Little India riot: Learning the right lessons from this episode

Little India riot: Learning the right lessons from this episode

SINGAPORE - On Sunday night, in Little India, a bus involved in an accident was smashed by a crowd of angry men; 16 police cars were damaged; one ambulance was completely burnt and two ambulances and other support vehicles were badly damaged.

It was as shocking as it was unacceptable. Whoever was responsible for the damage must be apprehended and punished according to the law.

That much was clear but many questions are also crying to be answered.

Chief among them was what led to this outbreak of violence.

At the time of writing, the authorities have not provided a definitive answer and investigations are ongoing. But the media and online chatter have thrown up a host of speculation and charges that I would like to offer some observations to as a response.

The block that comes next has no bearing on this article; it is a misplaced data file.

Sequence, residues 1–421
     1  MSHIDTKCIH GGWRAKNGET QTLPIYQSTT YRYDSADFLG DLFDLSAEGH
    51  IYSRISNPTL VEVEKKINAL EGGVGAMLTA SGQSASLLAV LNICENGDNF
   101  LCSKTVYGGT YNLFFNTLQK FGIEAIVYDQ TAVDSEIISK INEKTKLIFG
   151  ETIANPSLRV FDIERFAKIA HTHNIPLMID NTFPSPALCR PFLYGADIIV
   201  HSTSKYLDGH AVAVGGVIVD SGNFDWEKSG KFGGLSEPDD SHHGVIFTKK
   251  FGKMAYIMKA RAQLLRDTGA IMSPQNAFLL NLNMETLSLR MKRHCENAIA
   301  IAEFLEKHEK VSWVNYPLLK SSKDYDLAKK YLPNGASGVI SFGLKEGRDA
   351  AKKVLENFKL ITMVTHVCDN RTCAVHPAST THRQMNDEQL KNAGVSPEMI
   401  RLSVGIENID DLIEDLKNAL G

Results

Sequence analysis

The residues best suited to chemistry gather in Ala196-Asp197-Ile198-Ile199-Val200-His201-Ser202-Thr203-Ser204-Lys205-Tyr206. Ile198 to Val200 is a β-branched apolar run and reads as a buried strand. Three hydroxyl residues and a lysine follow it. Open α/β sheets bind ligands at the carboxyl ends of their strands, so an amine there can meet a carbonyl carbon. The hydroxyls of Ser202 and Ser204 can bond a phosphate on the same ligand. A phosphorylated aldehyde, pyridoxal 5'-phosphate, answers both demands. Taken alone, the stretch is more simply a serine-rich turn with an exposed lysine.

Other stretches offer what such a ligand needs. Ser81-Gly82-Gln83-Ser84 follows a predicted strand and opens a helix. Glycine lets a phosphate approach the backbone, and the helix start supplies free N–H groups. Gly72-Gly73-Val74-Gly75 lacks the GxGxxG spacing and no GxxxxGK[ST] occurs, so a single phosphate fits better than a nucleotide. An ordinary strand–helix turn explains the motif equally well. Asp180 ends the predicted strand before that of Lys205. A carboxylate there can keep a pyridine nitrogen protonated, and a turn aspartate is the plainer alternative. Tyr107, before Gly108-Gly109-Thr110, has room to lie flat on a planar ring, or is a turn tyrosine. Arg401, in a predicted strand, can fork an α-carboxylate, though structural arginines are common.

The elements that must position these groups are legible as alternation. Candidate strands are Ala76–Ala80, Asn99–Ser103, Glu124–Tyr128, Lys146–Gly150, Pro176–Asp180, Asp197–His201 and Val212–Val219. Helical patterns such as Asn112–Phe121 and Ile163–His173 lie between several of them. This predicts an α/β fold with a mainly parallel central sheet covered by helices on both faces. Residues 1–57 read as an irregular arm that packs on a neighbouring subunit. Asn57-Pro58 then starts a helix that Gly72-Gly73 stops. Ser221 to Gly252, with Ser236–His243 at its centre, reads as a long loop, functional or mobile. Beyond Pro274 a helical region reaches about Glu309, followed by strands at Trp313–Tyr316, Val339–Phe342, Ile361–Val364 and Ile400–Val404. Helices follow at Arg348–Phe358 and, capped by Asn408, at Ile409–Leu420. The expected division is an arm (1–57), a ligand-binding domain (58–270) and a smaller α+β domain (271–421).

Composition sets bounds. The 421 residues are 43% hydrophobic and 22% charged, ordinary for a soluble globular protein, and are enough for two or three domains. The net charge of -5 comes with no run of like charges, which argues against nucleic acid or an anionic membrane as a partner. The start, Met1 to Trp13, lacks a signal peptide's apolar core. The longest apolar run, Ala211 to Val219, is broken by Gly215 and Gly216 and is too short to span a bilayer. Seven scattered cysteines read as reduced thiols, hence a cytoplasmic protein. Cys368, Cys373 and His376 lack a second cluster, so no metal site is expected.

One common refrain I hear is how such behaviour is un-Singaporean and these foreign workers have wilfully violated our norms. Others point to the possibility of underlying issues afflicting foreign workers.

For a start, I would urge that everyone be careful not to read too much into this incident until we get a fuller picture of what happened.

From the experience of TWC2 (migrant workers' group Transient Workers Count Too), we do not find foreign workers any more prone to violent, criminal or anti-social behaviour than Singaporeans.

Singapore crime statistics also bear this out. In fact I sometimes marvel at how stoic the foreign workers are in the face of a bullying employer or a rogue agent or an unresponsive bureaucrat.

A Singaporean in that situation might have become far more confrontational. So I would appeal to Singaporeans not to jump to conclusions that foreign workers are an unruly lot.



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